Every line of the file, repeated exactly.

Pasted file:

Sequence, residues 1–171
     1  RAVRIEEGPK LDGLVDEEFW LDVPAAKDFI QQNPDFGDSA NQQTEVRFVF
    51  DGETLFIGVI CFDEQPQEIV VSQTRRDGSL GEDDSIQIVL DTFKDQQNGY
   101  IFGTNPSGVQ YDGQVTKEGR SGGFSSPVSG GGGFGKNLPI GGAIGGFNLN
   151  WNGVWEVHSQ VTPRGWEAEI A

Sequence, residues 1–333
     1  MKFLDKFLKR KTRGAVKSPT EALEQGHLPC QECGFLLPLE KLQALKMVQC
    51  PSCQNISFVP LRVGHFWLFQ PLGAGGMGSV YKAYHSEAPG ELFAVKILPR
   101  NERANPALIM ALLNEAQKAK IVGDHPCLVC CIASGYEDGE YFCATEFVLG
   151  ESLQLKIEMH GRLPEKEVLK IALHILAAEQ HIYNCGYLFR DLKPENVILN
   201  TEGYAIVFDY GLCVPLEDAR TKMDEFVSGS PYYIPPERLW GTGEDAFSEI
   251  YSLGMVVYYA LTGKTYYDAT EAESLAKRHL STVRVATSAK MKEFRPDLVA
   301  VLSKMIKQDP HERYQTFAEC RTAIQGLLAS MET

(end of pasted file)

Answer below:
Sequence, residues 1–171
     1  RAVRIEEGPK LDGLVDEEFW LDVPAAKDFI QQNPDFGDSA NQQTEVRFVF
    51  DGETLFIGVI CFDEQPQEIV VSQTRRDGSL GEDDSIQIVL DTFKDQQNGY
   101  IFGTNPSGVQ YDGQVTKEGR SGGFSSPVSG GGGFGKNLPI GGAIGGFNLN
   151  WNGVWEVHSQ VTPRGWEAEI A

Sequence, residues 1–333
     1  MKFLDKFLKR KTRGAVKSPT EALEQGHLPC QECGFLLPLE KLQALKMVQC
    51  PSCQNISFVP LRVGHFWLFQ PLGAGGMGSV YKAYHSEAPG ELFAVKILPR
   101  NERANPALIM ALLNEAQKAK IVGDHPCLVC CIASGYEDGE YFCATEFVLG
   151  ESLQLKIEMH GRLPEKEVLK IALHILAAEQ HIYNCGYLFR DLKPENVILN
   201  TEGYAIVFDY GLCVPLEDAR TKMDEFVSGS PYYIPPERLW GTGEDAFSEI
   251  YSLGMVVYYA LTGKTYYDAT EAESLAKRHL STVRVATSAK MKEFRPDLVA
   301  VLSKMIKQDP HERYQTFAEC RTAIQGLLAS MET